The Politics of Town Hall Meetings: Analyzing Constituent Relations-in-Interaction
The politics of town meetings proposes that town hall meetings are institutions of representative democracy that present an opportunity for constituents to hold their elected representatives accountable in a public setting. Constituent relations-in-interaction glosses a complex set of interactional practices and procedures through which ensembles of participants bring town hall meetings, as structures of social interaction, into being. This study uses conversation analysis, the study of talk-in-interaction, to show that the politics of town hall meetings orients to three types of accountability: Interactional accountability, political accountability, and public accountability. The articulation of these accountability types provides a sense of overall-structural organization to the structure and activities giving shape to town hall meetings.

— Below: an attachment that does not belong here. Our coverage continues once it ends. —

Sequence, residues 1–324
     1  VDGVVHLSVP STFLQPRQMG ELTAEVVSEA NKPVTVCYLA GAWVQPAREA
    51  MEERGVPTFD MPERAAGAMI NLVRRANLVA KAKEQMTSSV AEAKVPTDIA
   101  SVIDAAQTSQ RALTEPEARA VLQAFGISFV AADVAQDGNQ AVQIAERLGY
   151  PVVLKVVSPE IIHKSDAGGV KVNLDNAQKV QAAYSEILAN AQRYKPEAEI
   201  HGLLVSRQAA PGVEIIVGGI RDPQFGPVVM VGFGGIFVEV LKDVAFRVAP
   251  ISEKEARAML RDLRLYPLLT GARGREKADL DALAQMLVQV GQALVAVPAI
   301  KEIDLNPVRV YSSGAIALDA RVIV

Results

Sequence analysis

Roberts, Purdue University.
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